May 2013


This is Tuukka Rask. He does not play baseball.

This is Tuukka Rask. He does not play baseball.

Last night, the Red Sox were down to their final strike when Will Middlebrooks, batting against Tampa Bay closer Fernando Rodney, laced a change-up into the outfield for a bases-clearing double. The Sox went up 4-3, Junichi Tazawa picked up the win in relief, and if I’m imagining the scenario correctly, most of the crowd went home happy, since this took place in Tampa and no one there seems to care about the Rays one way or the other.

Apparently, it was a hell of an at-bat for Middlebrooks, who is rebounding from a minor slump and on his way back towards the torrid pace he carried through April, when the Red Sox were busy surprising a jaded fan base and sitting in first place. The mighty Jon Couture actually has a great breakdown of Middlebrooks’ at-bat here, complete with his growing patience and his success reading the pitcher and the situation.

They’re a game back of the Yankees this afternoon for the top spot of the American League East, and they’re playing some fun games, even when they lose. But don’t ask me about details, because I’ve missed all of them lately. Simply, it’s because the Bruins are in the playoffs, and it is functionally impossible for me to concentrate or devote any sort of emotional focus on the Red Sox when this is the case. (more…)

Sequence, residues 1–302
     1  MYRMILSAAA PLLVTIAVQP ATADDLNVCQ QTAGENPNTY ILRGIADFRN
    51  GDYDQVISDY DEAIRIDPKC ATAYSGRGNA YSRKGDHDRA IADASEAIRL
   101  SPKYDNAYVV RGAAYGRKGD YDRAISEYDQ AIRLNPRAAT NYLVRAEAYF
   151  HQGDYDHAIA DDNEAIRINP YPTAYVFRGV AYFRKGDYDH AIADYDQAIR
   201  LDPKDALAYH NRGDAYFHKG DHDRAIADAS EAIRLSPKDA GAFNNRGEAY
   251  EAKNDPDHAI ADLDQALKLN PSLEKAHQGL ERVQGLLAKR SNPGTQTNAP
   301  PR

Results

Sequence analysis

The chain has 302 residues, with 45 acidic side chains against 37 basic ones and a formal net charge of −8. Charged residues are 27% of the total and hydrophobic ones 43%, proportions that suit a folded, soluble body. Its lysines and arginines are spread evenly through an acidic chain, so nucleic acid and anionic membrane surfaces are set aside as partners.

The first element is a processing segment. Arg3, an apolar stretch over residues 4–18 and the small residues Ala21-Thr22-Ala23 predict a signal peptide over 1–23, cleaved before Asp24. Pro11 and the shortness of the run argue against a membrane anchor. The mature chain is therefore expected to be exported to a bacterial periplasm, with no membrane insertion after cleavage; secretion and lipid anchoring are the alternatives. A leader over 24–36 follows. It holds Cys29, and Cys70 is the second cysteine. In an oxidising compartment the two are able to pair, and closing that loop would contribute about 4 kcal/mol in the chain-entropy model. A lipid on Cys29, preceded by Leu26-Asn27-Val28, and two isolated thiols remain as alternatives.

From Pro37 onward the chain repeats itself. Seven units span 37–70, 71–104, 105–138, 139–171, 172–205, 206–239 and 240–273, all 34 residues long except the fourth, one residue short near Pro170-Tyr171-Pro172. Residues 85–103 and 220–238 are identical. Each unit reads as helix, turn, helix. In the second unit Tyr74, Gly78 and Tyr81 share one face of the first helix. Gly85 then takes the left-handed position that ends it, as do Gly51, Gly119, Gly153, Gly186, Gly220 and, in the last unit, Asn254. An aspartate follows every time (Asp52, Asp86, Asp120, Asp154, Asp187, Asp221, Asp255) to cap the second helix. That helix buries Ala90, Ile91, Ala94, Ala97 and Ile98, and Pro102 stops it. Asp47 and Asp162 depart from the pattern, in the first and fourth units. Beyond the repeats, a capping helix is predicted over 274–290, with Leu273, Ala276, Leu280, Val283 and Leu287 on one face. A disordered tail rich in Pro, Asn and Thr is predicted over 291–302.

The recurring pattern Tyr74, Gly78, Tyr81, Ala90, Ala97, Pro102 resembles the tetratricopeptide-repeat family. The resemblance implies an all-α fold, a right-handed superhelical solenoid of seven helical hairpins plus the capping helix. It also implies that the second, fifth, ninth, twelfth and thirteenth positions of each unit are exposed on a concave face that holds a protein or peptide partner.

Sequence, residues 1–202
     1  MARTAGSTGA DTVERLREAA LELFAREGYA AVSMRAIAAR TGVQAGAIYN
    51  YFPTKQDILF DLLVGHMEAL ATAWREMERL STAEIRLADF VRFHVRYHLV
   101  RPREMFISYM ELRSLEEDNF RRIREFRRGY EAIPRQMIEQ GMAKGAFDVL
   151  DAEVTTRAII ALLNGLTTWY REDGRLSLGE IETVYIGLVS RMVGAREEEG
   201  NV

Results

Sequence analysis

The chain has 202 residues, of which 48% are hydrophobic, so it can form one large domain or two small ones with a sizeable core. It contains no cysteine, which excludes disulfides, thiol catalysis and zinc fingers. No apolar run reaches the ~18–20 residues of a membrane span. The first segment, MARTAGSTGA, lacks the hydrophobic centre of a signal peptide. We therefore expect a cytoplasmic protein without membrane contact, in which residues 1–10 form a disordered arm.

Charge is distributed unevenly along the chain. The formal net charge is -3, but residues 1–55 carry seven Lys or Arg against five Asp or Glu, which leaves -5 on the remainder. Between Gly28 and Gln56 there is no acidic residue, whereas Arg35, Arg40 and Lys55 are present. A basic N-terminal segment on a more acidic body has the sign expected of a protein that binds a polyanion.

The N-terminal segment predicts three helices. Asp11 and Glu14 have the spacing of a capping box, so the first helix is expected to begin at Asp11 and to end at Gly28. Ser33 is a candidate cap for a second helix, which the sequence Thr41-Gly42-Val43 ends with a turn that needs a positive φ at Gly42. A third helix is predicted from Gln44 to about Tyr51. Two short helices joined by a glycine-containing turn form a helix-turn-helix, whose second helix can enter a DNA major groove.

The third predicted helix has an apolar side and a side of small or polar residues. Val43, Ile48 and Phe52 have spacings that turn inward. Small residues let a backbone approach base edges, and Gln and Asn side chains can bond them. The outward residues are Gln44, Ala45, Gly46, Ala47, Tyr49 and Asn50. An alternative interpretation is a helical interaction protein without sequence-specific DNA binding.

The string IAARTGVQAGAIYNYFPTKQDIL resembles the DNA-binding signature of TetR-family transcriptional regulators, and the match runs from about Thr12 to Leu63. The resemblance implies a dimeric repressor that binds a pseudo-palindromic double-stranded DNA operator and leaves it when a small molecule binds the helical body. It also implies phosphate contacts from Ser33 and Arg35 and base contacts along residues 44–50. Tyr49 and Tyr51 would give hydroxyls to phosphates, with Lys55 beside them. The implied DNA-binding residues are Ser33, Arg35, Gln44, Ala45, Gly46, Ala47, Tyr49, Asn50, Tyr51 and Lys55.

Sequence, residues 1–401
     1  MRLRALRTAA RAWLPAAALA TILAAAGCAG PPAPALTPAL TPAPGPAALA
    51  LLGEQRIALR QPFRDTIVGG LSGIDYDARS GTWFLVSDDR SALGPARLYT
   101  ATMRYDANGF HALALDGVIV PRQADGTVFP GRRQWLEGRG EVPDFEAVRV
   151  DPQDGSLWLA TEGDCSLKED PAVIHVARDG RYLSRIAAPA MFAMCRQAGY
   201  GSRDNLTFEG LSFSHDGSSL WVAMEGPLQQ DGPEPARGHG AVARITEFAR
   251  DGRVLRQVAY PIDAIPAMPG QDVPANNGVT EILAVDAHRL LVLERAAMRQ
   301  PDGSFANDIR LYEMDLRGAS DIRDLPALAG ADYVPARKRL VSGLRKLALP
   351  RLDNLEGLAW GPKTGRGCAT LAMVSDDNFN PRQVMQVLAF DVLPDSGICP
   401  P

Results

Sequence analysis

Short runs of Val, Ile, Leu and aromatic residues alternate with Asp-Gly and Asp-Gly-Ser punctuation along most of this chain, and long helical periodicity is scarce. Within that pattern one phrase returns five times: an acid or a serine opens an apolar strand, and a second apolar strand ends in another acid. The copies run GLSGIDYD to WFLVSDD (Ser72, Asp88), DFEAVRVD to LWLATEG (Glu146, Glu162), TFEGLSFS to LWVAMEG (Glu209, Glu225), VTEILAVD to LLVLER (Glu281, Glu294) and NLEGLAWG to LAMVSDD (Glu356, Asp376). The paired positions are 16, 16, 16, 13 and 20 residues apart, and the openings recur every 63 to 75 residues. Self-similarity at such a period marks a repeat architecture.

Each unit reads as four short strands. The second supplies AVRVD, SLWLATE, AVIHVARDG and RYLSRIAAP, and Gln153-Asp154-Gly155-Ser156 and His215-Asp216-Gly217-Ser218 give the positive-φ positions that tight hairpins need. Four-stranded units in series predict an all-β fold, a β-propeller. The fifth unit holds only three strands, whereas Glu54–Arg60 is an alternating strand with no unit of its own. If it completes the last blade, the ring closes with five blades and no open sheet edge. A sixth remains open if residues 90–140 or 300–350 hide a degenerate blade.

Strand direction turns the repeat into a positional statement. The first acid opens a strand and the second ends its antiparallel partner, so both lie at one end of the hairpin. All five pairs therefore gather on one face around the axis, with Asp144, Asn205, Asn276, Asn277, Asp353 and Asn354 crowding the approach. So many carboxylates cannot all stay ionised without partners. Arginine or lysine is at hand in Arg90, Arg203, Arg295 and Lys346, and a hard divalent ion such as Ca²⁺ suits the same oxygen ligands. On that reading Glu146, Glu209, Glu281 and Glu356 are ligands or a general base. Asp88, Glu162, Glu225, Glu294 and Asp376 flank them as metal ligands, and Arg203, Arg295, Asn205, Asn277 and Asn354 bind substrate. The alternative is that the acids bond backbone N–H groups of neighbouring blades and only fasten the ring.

Advertisements

Former White Sox owner and colorful chapter in baseball history all his own, Bill Veeck, once said the single most accurate anecdote about baseball umpires that will ever be said: “[Umpires] should be reminded every payday that they’ve been placed on the field, like the bases, only to keep the game going.”

I think most of them get that. I’d feel better, at least, if most of them did, anyway.

But a certain number of them don’t. Angel Hernandez, as illustrated in last night’s bizarre refusal to acknowledge video evidence while watching it, doesn’t get it. John Hirschbeck, ever willing to point out that he’s in charge, certainly doesn’t get it. C.B. Bucknor might be too awful an umpire to ever get it. And Joe West, Joe West, Joe West

It would be one thing if any or all of them were singularly terrible, stuck in their positions by seniority and used as little as possible. But they call World Series games. They call national broadcast games. Sometimes they record country music albums. They’re the stars of the show in their own minds, and it’s infuriating in a way that is nearly unique to baseball (the NBA has their share of diva referees, to be sure).

So, what can be done? Fans and writers can’t suspend or fire umpires. Major League Baseball seems content with all of them. Maybe it’s just time to bend to their reality, one in which the four of them have banded together, aiming to take baseball by storm and bend it to their sick, selfish vision. Maybe he’s not Country Joe West, but Hollywood Joe West. Maybe, these four umpires are, in fact, baseball’s New World Order.

umpire nwo

God help us all.